The time has come to have a serious discussion about the fact that I am allergic to life. Yes, while you get to enjoy focaccia bread, cheese pizza, and normal lattes, I have to order gluten-free, dairy-free everything. The joys of eating a delicious meal are rarely experienced by yours truly. Last March I took a blood test that indicates what does not react well with your body. Initially, I took it because I was beginning to believe I was lactose intolerant, but wasn’t sure. Now, something you should understand about this test is that it is not the test where the put a bunch of things on your back, and it swells and all that stuff. This test simply indicates what reacts negatively to your body within a 24-hour period after consumption. So, my results? I am allergic to everything I used to eat. I am allergic to gluten, yeast, asparagus, dairy, malt, oregano, lemon, orange, olives, grapes, salmon, tuna, and oats. The test, though, gives you stars based on severity of allergy. Gluten and Dairy each has the maximum amount of stars, with the other foods having one or two stars.
(I am a huge desert person, but as most you probably realize, 90% of good deserts contain either gluten or dairy!)
For the first few months following receiving my test results, I had a difficult time finding out what to eat. Luckily I live in the Bay Area, so there are a lot of gluten free options (way more than in Chico, where gluten-free is some kind of foreign term). Still, it was hard to be in college, with a meal plan, and finding things to eat. The dining hall, for example, had almost nothing that was both gluten-free and dairy-free. I felt like I was inadvertently anorexic because finding things I could actually eat was so hard, and I was always busy with classes and meetings and a social life. Also, something else that really stressed me out was people’s general lack of understanding. A lot of people, when I order gluten-free or dairy-free, assume I’m on some kind of diet, and while I am restricted in what I can eat, it isn’t necessarily a choice. Cutting out all the things that don’t react well with my body makes it so I actually feel good all the time. As someone who struggled with feeling groggy, uneasy, tired, and nervous I was going to feel sick when out to dinner with friends, my new diet is something I appreciate.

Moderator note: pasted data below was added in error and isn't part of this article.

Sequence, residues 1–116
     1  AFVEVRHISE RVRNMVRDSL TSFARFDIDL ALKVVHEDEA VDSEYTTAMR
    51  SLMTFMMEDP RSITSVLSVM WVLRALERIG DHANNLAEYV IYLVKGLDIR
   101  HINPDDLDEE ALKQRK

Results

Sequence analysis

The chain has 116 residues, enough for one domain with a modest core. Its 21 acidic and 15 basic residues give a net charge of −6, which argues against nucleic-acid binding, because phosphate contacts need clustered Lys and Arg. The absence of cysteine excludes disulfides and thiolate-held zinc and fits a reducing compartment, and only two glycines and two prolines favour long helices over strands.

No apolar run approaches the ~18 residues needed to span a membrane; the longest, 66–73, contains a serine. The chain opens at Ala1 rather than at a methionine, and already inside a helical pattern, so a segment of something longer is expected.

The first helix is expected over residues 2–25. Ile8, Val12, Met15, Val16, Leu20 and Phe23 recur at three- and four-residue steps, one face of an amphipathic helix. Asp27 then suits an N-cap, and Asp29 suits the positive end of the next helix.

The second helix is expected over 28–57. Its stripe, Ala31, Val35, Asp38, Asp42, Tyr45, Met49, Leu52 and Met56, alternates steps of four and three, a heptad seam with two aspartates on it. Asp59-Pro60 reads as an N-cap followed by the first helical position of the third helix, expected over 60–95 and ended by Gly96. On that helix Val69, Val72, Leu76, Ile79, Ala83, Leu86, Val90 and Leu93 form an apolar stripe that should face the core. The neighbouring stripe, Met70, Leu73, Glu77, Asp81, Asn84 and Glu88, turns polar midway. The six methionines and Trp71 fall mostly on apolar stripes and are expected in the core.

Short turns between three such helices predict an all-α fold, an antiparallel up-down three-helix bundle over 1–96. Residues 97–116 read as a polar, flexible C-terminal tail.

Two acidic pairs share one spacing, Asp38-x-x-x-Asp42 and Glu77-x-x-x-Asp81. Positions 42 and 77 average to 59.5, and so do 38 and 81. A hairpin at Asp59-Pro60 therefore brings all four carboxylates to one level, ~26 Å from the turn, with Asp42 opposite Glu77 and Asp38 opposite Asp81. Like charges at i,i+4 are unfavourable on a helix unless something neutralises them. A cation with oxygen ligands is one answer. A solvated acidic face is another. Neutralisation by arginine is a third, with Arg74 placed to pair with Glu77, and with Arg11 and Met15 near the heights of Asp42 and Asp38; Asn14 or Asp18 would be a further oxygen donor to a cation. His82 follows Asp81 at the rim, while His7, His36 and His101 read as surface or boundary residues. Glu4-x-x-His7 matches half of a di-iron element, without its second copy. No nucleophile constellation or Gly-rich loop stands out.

One of the perks of being gluten free dairy free? I lost twenty pounds. As someone who has always struggled with losing weight, and always felt too big, the weight loss was something that made the transition in diet easier. But again: I am not choosing this diet because I want to lose weigh. I’m choosing it because it makes me feel better, and I feel much more confident 20 pounds lighter. I have been insecure about my weight since about seventh grade, when I started gaining weight and when I moved schools and was a good foot taller than most people. I felt like a giant in every way imaginable, and I never felt good because I ate things that didn’t sit well with me. If only I had known about my allergies then, I wouldn’t feel so bloated all the time. One of the major effects of gluten is bloating, which is one of the reasons people who do choose to diet cut gluten out of their daily intake. I really like being gluten free, dairy free, but sometimes it’s difficult. Like when I go to coffee with a friend and the barista accidentally makes my latte with regular milk instead of soy. Or when I’m out with friends and everyone wants Italian, but the only Italian place close to us doesn’t have gluten free options and I feel famished and really don’t want to just get salad. Or when, perhaps more relevant, when it’s Thanksgiving and my favorite side dishes are green bean casserole and stuffing. Those dishes are definitely NOT gluten free dairy free. But they can be, and most people don’t realize that. So, in the next few weeks I would like to share some recipes that are holiday appropriate that are both gluten free and dairy free. I know that gluten intolerance is being found in more and more people, so it’s nice to discover gluten free food that actually tastes great too. Also, I have biology major as a friend, and he said that most people develop acute lactose intolerance as they age because our bodies naturally have a harder time breaking down lactose as we age. So, maybe going dairy free sometimes wouldn’t be such a bad thing for most people (and cutting down on dairy intake heightens weight loss if you’re interested in that). Anyway, I wanted to share my experience with finding out I needed to completely alter my daily eating, and offer a pre-cursor for all the gluten free dairy free recipes coming you way.
Note: The food pictures are from my Pinterest, and are not all gluten-free dairy-free, but are meals or deserts that i would like to transform into diet-acceptable foods for myself. The photos of me are a little grainy, but my computer crashed last year so I lost a lot of my good before pictures!